The new routine is no routine. I need to remember that when the next few weeks tempt me to think there is a routine again.
Since the start of the year -- after many years of starting work in the morning and going into the late afternoon or early evening -- I've gone to an ever-changing schedule that is all over the place. The first two or three months it was mostly 2 or 4 p.m. to midnight. Then it was a few months of basically 2-10, 2-12, 2-6, 12-8 and 3 pm-1 am, Monday through Friday. In June it went to Sunday through Thursday, except when I wasn't needed on Sunday, so I worked Friday.
A mid-June vacation without a schedule fit right in with the confusion, and the vacation was punctuated by pulling an all-nighter for Relay for Life.
And now I'm working days again, noon to 8, which in the past would have seemed normal but now is just another change before going to a month of 10-6 Monday through Friday, unless something different is needed. And that will be for just a month, and then it will probably be back to the afternoon to night shifts.
What I am so aware of is that even when -- or especially when -- my work schedule lacks routine, it is imperative for me to build structure and maintain discipline in my life. Patterns of eating, sleeping, exercising, reading, praying and meditating are important. Most days I keep a pretty specific list of what I need to do and when. I went through a period this month of viewing that as a weakness. But today as I walked, after waking up on target after a within-range amount of pillow time, I embraced my list and willingness to use it as a strength.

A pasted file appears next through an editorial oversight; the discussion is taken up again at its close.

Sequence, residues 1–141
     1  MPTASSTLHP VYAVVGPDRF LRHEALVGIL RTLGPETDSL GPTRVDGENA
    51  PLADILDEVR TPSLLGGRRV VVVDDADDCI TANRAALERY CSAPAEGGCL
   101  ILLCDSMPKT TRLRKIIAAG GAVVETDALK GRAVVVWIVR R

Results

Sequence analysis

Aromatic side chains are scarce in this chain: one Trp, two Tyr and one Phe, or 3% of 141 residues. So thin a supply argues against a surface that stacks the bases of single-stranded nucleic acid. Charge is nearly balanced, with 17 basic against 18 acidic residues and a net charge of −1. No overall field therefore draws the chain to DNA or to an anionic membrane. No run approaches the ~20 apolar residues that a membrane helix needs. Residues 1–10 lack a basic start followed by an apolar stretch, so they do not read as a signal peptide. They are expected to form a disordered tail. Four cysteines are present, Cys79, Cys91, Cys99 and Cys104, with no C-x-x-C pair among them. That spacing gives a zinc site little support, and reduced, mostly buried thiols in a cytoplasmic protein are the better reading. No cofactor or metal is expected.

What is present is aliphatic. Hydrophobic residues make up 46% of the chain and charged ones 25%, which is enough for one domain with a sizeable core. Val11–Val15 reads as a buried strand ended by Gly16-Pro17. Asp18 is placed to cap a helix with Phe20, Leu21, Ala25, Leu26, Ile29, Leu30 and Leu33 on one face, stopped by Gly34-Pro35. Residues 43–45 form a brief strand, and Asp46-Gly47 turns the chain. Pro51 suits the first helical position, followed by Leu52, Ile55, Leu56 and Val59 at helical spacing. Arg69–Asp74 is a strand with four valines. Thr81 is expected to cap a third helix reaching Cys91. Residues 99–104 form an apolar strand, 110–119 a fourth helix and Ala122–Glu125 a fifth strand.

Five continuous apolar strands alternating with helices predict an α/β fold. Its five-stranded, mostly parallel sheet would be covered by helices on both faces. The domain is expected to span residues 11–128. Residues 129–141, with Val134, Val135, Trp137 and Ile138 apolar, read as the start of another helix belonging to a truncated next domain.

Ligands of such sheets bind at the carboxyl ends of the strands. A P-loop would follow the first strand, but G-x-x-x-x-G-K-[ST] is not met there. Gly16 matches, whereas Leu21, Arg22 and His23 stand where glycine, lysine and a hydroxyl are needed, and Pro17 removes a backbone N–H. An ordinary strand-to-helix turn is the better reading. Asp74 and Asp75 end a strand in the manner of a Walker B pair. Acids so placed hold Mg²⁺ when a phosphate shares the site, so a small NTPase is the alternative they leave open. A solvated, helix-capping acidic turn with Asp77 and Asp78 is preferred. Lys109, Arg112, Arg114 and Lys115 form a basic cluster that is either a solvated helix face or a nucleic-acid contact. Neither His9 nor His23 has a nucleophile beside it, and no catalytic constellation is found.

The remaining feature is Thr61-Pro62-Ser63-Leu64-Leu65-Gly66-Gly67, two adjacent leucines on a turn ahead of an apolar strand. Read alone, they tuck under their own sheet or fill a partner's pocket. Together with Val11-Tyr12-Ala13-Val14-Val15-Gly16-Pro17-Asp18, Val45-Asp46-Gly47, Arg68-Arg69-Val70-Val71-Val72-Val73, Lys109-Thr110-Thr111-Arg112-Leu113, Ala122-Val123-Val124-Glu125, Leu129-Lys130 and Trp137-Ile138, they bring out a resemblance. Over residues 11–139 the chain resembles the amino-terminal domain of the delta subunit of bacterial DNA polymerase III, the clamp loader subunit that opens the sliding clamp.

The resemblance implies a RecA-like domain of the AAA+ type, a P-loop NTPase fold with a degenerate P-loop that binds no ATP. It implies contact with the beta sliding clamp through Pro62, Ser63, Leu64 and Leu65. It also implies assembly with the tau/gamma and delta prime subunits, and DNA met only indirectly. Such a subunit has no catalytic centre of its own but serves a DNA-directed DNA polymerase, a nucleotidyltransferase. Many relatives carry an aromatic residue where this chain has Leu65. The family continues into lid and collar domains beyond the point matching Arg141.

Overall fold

As I was walking, I thought of my Dad, whose life example includes all kinds of work schedules, including true graveyard shifts. He and lots of people, including one of my sisters, have often worked far from ideal schedules. Their examples remind me to do whatever it takes to make it work for me. For me, that includes keeping it healthy, which is probably why it is more of a challenge, because keeping it healthy requires discipline for me.
That also made me think of Daddy's newest thing. A couple of days each week, he'll be going into town for pulmonary therapy. Why? To continue to build up his strength. He wants to be as healthy as he can be, even at 85. I am proud and inspired.
I sometimes wish my life were more routine or automatic. It seems as if what comes naturally for me is to do nothing. (I had some thoughts about that, too, while I walked today, that renewed my hope that I can change.) I'm grateful that I keep fighting that instinctive inertia.